b) determining, by the central controller, whether a location information is included in the affiliation message;
c) when the location message is not included in the affiliation message, transmitting, by the central controller, a request for the location information to the communication unit via the wireless communication system;
d) determining, by the central controller, whether the location information of the communication unit deviates from a historical location pattern of the communication unit; and
e) when the location information deviates from the historical location pattern, indicating, by the central controller, that the communication unit is a potential unauthorized communication unit.

2. The method of claim 1 further comprises sending, by the central controller, an indication to system manager, wherein the indication indicates that the communication unit has deviated from its historical location pattern.

3. The method of claim 1 further comprises requesting, by the central controller, input from a system manager as to whether the communication unit will be affiliated with the wireless communication system.

4. The method of claim 3 further comprises executing, by the central controller, the input from the system manager.

5. In a wireless communication system, a method for detecting unauthorized use of a communication unit, the method comprising the steps of:

a) transmitting, by the communication unit, a service request message to a central controller via the wireless communication system;
b) determining, by the central controller, whether a location information is included in the service request message;
c) when the location information is not included in the service request message, transmitting, by the central controller, a request for the location information to the communication unit via the wireless communication system;
d) determining, by the central controller, whether the location information of the communication unit deviates from a historical location pattern of the communication unit; and
e) when the location information deviates from the historical location pattern, indicating, by the central controller, that the communication unit is a potential unauthorized communication unit.

6. The method of claim 5, step (d) further comprises transmitting a service request grant on a control channel when the location information does not deviate from the historical location pattern.

7. The method of claim 5 further comprises denying the service request when affiliation of the communication unit deviated from the historical location pattern.

8. The method of claim 5 further comprises sending, by the central controller, an indication to a system manager, wherein the indication indicates that the communication unit has deviated from its historical location pattern.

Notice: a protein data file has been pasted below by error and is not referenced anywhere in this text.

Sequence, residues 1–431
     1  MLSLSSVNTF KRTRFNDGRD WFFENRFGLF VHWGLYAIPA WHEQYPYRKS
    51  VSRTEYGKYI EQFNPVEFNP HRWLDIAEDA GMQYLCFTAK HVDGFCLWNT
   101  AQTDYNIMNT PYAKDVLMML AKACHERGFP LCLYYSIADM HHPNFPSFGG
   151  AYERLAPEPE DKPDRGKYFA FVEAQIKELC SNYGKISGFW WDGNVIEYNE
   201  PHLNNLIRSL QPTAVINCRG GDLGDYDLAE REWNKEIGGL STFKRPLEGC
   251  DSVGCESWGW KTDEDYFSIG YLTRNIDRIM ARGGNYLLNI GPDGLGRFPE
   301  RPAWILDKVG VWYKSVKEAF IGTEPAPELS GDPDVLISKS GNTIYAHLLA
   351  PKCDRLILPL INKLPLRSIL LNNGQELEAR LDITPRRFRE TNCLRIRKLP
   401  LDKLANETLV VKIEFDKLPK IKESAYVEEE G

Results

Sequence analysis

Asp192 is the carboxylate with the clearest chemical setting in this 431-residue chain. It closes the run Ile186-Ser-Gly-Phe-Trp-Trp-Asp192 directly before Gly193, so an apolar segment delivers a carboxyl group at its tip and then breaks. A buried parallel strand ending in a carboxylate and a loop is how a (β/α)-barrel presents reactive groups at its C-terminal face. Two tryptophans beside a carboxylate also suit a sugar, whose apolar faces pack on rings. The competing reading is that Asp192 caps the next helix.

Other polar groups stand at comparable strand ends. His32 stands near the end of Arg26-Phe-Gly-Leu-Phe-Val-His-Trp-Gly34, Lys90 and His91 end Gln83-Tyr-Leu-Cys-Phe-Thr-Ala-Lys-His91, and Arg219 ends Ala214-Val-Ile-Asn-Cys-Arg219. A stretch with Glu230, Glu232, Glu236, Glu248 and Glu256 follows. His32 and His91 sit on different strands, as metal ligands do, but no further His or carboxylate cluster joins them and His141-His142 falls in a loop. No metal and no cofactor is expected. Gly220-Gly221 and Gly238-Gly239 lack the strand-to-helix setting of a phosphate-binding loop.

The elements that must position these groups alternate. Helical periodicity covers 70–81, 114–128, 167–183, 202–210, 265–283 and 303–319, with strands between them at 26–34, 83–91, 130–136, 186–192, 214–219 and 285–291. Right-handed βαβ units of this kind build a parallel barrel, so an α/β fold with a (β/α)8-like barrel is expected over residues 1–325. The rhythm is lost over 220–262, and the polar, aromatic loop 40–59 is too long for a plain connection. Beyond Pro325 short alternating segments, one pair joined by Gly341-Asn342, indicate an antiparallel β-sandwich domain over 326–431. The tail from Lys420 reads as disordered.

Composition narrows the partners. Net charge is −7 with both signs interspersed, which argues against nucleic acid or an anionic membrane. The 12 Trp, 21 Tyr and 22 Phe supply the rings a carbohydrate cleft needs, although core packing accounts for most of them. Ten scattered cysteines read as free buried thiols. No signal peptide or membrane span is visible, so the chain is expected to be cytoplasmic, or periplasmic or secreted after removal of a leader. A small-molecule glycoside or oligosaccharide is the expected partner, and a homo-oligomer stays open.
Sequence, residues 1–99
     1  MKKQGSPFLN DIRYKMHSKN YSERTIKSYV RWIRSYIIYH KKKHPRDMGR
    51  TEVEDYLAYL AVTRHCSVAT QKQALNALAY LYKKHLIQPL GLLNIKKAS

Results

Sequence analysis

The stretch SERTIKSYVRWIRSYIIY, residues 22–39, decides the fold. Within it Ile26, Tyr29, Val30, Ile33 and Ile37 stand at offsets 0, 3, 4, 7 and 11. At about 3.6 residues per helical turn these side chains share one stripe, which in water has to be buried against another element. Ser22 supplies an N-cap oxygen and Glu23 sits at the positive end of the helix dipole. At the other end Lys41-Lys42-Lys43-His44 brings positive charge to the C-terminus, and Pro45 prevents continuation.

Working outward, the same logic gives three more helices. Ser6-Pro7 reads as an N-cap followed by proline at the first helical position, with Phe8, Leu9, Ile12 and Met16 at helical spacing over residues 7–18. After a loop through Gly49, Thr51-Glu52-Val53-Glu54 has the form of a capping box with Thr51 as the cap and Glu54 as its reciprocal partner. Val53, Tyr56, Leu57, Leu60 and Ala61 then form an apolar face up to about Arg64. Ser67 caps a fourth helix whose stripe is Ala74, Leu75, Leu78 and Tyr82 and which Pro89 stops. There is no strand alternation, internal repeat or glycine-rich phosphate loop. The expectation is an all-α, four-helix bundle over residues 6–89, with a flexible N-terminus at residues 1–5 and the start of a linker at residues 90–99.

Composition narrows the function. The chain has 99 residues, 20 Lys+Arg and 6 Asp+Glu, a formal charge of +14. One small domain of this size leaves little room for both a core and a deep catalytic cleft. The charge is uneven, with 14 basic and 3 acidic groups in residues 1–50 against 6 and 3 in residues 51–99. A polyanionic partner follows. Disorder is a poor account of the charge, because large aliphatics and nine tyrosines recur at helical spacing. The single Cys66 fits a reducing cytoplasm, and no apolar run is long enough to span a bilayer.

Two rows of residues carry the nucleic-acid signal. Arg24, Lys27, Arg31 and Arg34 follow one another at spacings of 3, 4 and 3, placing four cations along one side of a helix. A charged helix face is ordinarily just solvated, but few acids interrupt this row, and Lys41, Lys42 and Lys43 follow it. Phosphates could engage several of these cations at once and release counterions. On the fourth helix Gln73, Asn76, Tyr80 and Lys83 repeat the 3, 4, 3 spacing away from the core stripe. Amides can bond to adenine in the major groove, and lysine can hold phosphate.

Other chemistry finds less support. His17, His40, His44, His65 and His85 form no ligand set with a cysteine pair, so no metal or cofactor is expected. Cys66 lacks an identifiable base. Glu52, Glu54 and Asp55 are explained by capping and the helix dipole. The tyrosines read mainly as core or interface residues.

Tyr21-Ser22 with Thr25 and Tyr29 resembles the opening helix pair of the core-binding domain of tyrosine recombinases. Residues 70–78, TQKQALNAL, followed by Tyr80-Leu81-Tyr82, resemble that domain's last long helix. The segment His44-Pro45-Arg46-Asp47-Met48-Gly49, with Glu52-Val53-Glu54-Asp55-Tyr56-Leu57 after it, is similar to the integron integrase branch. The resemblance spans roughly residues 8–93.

9. In a wireless communication system, a method for detecting unauthorized use of a communication unit, the method comprising the steps of:

at turn-on of the communication unit:
a) transmitting, by the communication unit, an affiliation message to a central controller via the wireless communication system;
b) determining, by the central controller, whether a location information is included in the affiliation message;
c) when the location message is not included in the affiliation message, transmitting, by the central controller, a request for the location information to the communication unit via the wireless communication system;
d) determining, by the central controller, whether the location information of the communication unit deviates from a historical location pattern of the communication unit;
e) when the location information deviates from the historical location pattern, indicating, by the central controller, that the communication unit is a potential unauthorized communication unit;
during operation of the communication unit:
f) transmitting, by the communication unit, a service request message to the central controller via the wireless communication system;
g) determining, by the central controller, whether another location information is included in the service request message;
h) when the location message is not included in the service request message, transmitting, by the central controller, another request for the location information to the communication unit via the wireless communication system;
i) determining, by the central controller, whether the location information of the communication unit deviates from the historical location pattern of the communication unit; and
j) when the location information deviates from the historical location pattern, indicating, by the central controller, that the communication unit is another potential unauthorized communication unit.

Referenced Cited

U.S. Patent Documents

5235633 August 10, 1993 Dennison et al.
5243652 September 7, 1993 Teare et al.
5335265 August 2, 1994 Cooper et al.
5345595 September 6, 1994 Johnson et al.

Patent History

Patent number: 5535431
Type: Grant
Filed: Apr 5, 1994
Date of Patent: Jul 9, 1996
Inventors: Gary W. Grube (Palatine, IL), Timothy W. Markison (Hoffman Estates, IL)
Primary Examiner: Reinhard J. Eisenzopf
Assistant Examiner: Doris To
Attorneys: Timothy W. Markison, Christopher P. Moreno
Application Number: 8/222,986

Classifications

Current U.S. Class: 455/541; Crystal Or Electron Tube Diode (455/331); 455/531; 455/542; 455/582; 380/23; 379/60; 379/62
International Classification: H04B 700;